The effects of the river projects that serve China's colossal upstream ambitions have been visible for several years, but are growing more worrying, say conservationists and those who live on the river.
The fish species found in this stretch of the Mekong in northern Thailand dwindled from 100 to only 88 last year, said Sayan Khamnueng, a researcher with the Southeast Asia River Network, an environmental group.
Water levels and temperatures have fluctuated widely, threatening the river environment and disrupting the livelihoods of the fishermen and others who depend on the $2 billion annual catch of migratory fish.
For the fishermen, their revered river, once nearly untouched and steady in its moods, has turned into a fickle sea. "In the past the river was up and down like nature - every three or four days up and down," said Tan Inkew, 72, a fisherman who lives in Meung Kan village. "Now the river is like the sea - up and down, up and down very quickly."
Protests by Mr. Tan and other fishermen helped persuade the Thai government to stop China from blasting the rapids in Thai waters near his home, between the port of Chiang Saen and Chiang Khong.
"We protested outside the Chinese Embassy in Bangkok," Mr. Tan recalled. "We told them to stop blasting - and if they don't stop, we'll fight them."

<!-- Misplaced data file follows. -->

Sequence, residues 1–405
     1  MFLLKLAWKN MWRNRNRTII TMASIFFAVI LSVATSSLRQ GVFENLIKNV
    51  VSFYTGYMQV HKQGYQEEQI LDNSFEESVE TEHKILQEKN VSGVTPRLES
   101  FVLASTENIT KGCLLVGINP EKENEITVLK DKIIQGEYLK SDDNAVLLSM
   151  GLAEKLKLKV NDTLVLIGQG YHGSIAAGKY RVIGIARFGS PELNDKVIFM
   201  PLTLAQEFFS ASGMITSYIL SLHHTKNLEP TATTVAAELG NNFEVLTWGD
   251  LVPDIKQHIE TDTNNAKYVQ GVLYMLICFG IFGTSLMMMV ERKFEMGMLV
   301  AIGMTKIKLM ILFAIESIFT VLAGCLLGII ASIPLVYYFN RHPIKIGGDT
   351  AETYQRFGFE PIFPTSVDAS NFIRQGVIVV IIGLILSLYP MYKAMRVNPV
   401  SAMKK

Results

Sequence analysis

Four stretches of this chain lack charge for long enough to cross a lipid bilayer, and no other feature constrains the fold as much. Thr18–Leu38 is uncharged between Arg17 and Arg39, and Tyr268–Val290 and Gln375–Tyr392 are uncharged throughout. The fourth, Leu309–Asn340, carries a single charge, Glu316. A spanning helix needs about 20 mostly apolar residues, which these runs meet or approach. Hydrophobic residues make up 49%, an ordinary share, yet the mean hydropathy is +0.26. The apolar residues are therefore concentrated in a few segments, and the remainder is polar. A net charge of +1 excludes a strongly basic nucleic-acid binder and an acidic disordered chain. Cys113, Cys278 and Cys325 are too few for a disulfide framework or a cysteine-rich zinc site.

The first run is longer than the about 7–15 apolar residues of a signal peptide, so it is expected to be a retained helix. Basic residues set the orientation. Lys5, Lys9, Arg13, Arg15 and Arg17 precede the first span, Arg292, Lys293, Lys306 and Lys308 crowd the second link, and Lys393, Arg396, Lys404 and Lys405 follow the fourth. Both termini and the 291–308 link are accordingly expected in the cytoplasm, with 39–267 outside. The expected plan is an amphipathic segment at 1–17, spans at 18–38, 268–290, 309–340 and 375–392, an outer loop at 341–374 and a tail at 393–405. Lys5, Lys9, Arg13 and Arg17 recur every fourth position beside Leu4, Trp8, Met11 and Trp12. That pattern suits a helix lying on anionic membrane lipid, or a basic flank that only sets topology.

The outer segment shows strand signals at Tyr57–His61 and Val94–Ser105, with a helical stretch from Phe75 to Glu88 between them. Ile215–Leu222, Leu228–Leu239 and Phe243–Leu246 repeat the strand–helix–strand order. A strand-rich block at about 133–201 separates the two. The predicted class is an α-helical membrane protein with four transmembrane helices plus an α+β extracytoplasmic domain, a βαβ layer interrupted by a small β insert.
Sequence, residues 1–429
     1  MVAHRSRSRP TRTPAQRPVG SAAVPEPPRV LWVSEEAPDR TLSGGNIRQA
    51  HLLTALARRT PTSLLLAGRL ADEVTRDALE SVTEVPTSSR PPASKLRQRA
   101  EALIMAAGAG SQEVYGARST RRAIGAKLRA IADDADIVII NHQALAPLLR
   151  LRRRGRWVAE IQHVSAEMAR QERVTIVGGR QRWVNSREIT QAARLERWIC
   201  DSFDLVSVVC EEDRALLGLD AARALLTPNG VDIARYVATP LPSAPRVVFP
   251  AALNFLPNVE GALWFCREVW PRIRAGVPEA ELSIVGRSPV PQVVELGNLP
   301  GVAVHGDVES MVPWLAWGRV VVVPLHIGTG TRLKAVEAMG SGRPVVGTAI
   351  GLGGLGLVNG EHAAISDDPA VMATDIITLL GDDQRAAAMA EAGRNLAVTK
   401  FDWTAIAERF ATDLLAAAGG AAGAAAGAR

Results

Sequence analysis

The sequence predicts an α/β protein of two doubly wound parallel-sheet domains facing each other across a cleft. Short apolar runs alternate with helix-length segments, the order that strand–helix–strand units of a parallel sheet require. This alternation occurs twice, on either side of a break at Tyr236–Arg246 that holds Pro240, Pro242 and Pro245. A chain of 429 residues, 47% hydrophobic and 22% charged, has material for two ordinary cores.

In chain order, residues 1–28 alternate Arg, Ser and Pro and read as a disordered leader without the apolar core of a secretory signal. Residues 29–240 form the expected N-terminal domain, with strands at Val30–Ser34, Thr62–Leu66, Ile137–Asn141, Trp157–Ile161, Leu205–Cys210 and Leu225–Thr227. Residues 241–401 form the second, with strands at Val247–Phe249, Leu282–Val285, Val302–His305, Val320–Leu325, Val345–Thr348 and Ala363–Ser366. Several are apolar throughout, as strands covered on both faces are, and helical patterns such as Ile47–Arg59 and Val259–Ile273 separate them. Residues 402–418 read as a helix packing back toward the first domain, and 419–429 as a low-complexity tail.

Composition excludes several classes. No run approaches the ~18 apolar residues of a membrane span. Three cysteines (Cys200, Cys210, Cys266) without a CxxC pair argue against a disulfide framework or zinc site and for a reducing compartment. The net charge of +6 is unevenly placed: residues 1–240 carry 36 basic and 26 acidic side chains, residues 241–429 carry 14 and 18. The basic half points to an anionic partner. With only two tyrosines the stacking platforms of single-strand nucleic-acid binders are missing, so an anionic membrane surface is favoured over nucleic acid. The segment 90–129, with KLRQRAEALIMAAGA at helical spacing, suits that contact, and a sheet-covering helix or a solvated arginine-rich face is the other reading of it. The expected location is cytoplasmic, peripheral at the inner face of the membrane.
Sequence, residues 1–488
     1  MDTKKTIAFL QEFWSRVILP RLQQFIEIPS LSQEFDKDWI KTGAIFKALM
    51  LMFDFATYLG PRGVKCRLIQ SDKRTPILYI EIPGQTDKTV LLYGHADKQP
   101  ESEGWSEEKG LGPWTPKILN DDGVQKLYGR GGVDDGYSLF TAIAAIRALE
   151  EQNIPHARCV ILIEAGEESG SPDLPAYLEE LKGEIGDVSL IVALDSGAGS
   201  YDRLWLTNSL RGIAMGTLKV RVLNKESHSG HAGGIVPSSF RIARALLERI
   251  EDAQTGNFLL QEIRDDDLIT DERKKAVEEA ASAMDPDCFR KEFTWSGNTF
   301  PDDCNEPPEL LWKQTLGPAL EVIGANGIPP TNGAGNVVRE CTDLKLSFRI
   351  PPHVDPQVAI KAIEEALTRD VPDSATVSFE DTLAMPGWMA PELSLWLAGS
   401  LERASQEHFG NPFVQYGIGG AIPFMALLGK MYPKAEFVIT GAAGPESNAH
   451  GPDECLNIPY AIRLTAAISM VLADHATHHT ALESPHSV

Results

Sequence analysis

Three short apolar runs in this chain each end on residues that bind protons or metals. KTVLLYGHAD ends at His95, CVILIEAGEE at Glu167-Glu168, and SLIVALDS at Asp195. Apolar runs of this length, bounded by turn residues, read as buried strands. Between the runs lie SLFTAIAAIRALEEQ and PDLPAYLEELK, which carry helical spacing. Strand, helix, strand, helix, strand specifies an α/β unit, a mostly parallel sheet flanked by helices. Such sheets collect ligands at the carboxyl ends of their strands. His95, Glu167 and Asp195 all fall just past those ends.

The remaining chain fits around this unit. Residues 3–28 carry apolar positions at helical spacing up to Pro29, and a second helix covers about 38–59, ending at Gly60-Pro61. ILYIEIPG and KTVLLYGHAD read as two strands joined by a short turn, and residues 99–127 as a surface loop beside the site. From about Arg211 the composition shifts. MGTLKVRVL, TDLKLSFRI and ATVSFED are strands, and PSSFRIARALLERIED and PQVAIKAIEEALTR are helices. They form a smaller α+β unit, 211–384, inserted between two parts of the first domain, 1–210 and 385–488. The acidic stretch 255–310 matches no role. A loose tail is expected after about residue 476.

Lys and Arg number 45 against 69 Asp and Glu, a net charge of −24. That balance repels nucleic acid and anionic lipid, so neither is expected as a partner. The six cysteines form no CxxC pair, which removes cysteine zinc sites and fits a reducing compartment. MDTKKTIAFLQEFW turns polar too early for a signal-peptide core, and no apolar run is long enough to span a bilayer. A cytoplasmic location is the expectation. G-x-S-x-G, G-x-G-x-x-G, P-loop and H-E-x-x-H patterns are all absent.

Still, he worries about the impact of China's dams as well. His recalled how his son was recently out on the water for nine hours but "did not catch one thing."
While Mr. Tan and his neighbors may have scored a small victory, clearly China cannot be kept at bay for long. The Mekong has been protected through the ages by a lack of development, and more recently by wars in Vietnam, Cambodia and Laos, as it winds its way on a brawling 2,870-mile journey from the Tibetan plateau to its delta in Vietnam.
But today the countries downstream from China - Myanmar, Thailand, Laos, Cambodia and Vietnam - have settled into an era of relative peace and have shed their old fears of China, indeed, are currying favor. Booming Thailand is seeking more trade with China. Impoverished Laos and Cambodia want China's aid to kick-start their economies. Myanmar shares China's passion for hydropower to supply future growth.